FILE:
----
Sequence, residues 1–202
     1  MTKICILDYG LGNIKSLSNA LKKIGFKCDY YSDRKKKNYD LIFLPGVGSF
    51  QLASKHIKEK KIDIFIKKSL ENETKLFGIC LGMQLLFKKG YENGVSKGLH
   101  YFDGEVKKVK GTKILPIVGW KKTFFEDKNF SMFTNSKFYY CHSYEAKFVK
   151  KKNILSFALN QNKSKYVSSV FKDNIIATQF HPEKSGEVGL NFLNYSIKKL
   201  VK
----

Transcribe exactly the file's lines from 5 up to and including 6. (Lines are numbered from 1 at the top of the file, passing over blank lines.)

   151  KKNILSFALN QNKSKYVSSV FKDNIIATQF HPEKSGEVGL NFLNYSIKKL
   201  VK